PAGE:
Kathryn Bigelow has spent the last three decades or so perfecting her skills as a thriller director, from Near Dark all the way up to Zero Dark Thirty. She is a master of building and releasing tension, of getting an audience’s heart rate up and of making even true stories feel wildly unpredictable to the viewer. Few filmmakers have ever done the taut, edge-of-your-seat docudrama so well.
With Detroit, she may have outdone herself.
Set during the 1967 Detroit riots, Bigelow’s latest film chronicles the true story of the Algiers Motel Incident, which the film’s marketing calls “one of the most terrifying secrets in American history.” That sets the film not as traditional “based on a true story” Hollywood fare, but as an attempt to unearth something dark and primal at the heart of our country. Detroit calls its shot and the knocks it out of the park. This is a movie that is very, very hard to watch. Watch it anyway.
The Algiers Motel Incident happened when police working during the riots heard shots (which turned out to be from a starter’s pistol) come from the motel’s annex building on the night of July 25. They responded, suspecting a sniper or cop-killing gunman, setting off a maelstrom of horrific consequences. A trio of racist cops (Will Poulter, Ben O'Toole and Jack Reynor) charge in with a “for your own good” mentality that quickly gives way to full-blown cruelty. An aspiring young singer (Algee Smith) and his cousin (Jacob Latimore) are in the hotel trying to let off some steam after a blown gig. A veteran (Anthony Mackie) just home from the war and is there reconnecting with friends and family. Two young girls (Hannah Murray and Kaitlyn Dever) are in the motel visiting friends from Ohio. And a security guard (John Boyega) working a late shift at a local store, comes over to try to help and suddenly finds himself caught in the middle.
The way Bigelow builds to this convergence is predictable, almost casual, like she’s going to show us something we’ve seen before. Her famous handheld camera flits back and forth between domestic life and looting, between police violence and benevolence. In between, actual photos and footage from the riots play as Governor George Romney and President Lyndon Johnson call for an end to the violence in the city. As you hear their words, you realize you might have heard them about Ferguson in 2014 or Baltimore in 2015. A pattern emerges. Bigelow’s camera never seems to take a breath. There’s no time to really get to know any one character, barely time to match a name with a face. The effect is a headlong hurtling into the film’s major confrontation, but it also creates a sense of near-anonymity for many of these characters. Change their costumes and hairstyles and they could just as easily be going about their lives right now.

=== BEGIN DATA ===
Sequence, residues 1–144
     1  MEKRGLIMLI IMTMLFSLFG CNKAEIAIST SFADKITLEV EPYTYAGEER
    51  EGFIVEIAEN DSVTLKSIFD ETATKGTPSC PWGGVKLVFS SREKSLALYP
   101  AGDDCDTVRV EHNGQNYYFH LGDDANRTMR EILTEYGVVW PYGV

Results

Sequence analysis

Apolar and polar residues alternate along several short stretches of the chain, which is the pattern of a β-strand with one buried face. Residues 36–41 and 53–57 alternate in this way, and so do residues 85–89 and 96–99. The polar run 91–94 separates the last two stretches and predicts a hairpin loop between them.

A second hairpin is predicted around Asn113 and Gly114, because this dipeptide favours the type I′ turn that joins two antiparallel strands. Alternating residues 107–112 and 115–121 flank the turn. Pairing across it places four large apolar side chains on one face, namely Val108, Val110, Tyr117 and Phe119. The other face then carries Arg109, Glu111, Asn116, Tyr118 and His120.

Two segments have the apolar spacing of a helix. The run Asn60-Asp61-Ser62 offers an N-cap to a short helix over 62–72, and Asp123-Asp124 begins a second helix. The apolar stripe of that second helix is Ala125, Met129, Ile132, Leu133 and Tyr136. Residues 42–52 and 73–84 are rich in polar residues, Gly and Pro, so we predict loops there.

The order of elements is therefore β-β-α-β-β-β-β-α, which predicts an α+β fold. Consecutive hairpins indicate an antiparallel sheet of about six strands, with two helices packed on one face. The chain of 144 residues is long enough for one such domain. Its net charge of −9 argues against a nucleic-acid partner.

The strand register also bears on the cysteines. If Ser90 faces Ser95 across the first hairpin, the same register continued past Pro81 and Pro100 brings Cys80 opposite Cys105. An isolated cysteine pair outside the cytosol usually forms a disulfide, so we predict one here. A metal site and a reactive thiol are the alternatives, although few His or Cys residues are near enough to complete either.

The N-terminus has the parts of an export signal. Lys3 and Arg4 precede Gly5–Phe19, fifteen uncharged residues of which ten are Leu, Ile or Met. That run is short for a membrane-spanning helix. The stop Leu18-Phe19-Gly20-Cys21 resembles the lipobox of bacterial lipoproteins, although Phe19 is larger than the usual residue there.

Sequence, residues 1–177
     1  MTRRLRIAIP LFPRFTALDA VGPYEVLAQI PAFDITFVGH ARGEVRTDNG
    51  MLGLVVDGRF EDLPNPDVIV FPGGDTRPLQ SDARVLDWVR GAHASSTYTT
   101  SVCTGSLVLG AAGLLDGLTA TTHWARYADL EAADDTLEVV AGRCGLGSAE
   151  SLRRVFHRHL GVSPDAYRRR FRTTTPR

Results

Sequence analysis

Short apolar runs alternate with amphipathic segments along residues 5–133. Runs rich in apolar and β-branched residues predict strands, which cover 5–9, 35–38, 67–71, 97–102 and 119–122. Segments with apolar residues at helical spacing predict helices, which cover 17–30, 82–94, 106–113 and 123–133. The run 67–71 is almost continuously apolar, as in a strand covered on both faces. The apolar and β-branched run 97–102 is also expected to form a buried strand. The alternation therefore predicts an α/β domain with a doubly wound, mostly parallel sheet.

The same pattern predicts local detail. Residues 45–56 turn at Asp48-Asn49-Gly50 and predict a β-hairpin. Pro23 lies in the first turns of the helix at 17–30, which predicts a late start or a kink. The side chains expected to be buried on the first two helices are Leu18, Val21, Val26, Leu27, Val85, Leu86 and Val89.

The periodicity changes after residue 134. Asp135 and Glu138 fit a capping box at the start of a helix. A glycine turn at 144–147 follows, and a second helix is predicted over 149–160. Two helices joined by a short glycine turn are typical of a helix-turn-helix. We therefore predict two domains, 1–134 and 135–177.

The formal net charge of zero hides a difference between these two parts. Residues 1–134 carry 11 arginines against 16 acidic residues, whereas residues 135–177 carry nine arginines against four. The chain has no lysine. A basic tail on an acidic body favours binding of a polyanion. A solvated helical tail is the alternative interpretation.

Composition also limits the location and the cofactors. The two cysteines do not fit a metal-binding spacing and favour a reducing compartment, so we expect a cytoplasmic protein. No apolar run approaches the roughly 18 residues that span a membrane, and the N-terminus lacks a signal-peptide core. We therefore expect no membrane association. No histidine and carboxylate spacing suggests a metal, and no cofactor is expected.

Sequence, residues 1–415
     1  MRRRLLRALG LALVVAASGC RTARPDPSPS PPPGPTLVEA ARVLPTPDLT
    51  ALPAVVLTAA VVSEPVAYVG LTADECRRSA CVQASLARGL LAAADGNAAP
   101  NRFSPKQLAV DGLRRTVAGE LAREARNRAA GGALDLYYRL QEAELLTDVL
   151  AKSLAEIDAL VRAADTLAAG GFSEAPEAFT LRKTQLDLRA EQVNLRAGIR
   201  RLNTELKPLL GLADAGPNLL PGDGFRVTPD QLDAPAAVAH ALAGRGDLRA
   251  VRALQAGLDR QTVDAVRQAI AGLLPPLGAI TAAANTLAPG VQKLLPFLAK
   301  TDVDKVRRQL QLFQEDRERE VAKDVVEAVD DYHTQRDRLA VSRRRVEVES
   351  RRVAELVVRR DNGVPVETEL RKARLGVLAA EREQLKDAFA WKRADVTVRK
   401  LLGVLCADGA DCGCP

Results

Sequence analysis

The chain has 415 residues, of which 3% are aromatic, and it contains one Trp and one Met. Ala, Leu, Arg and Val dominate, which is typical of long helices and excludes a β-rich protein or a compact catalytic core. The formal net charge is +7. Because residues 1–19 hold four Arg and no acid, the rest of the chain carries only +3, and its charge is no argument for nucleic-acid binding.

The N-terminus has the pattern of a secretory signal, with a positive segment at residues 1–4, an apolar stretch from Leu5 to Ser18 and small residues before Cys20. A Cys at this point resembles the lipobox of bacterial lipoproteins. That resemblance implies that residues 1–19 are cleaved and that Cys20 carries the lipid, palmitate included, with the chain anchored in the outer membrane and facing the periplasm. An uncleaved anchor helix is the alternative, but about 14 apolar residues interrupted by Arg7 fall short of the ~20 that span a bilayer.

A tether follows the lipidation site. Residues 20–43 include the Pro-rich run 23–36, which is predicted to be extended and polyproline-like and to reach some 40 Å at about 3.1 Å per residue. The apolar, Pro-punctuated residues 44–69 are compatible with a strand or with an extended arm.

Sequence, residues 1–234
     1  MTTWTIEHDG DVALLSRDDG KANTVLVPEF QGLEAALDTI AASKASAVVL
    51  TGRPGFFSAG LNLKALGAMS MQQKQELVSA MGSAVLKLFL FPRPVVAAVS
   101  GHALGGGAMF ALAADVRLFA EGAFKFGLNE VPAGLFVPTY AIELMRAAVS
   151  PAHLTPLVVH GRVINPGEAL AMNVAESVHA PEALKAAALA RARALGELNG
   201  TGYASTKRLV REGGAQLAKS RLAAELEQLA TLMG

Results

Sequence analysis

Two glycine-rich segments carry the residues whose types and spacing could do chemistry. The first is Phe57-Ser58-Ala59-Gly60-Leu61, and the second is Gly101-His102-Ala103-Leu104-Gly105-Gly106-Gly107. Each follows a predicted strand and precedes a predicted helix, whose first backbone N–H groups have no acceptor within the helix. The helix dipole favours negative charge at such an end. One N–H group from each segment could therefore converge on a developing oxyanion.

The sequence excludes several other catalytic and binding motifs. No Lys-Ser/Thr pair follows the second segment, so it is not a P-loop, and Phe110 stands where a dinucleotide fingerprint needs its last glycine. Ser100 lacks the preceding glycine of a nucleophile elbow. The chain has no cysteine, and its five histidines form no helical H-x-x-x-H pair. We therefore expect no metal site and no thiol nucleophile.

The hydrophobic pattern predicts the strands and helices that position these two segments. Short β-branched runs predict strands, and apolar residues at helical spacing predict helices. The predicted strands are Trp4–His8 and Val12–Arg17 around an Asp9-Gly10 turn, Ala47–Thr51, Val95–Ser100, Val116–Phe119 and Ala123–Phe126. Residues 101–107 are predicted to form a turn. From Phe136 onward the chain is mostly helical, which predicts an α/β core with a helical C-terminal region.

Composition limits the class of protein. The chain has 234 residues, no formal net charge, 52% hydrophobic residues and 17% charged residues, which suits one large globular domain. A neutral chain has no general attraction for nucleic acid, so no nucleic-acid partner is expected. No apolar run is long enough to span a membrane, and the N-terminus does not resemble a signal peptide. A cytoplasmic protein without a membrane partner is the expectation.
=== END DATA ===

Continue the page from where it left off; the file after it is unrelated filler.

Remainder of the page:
Then it happens. A handful of terrified suspects, a body on the floor and a group of menacing police officers out for answers or blood, whichever they get first. It’s hard to fully articulate the levels of racism and cruelty and absolutely corrupt institutionalized power at work. Maybe it’s better to go in blind. As with the film’s setup, Bigelow lures you into a sense of predictability. You think you know what you’re about to see. You think you understand how far racists would go into the ‘60s. Then you’re hit with just how torturous these events were and are.
This is where all of Bigelow’s gifts as a director of thrillers come into play. Everything from the bomb defusals in The Hurt Locker to the torture sequences in Zero Dark Thirty has been leading to this moment. Another filmmaker might have played it safer, pulled back from the brutality or mapped out a more by-the-numbers sequence of events (what happened that night is still somewhat in dispute). Bigelow shows no such reticence, pushing her cameras so close to the anguished faces of her cast you’re worried you’ll taste their sweat. It is absolutely harrowing.
Bigelow is aided in pulling off this feat by an astonishing cast, led by Poulter as a truly terrible cop (and here, that’s a compliment to the caliber of his performance) and Boyega as a black man whose small amount of authority makes him an enemy to certain people of both races. But these are not flashy roles. There are no epic monologues or Oscar speeches, no glory shots. Each and every member of this cast is dealing in raw, exhausting human emotion. It’s exhilarating and heartbreaking to watch each of them pull it off.
There are moments in Detroit best watched through laced fingers. But the film is too compelling to ignore. Though it’s become cliche to say films about civil rights in the '60s apply to our current situation, Detroit seems to resonate at a different pitch. The film gets right in your face and dares you to deny that this kind of racial hatred isn’t still a part of America. That’s potent enough but you put this group of master filmmakers together to tell this story, it is an absolutely devastating experience, and one of the best films of the year.
Detroit opens in select cities Friday, and in wide release August 4.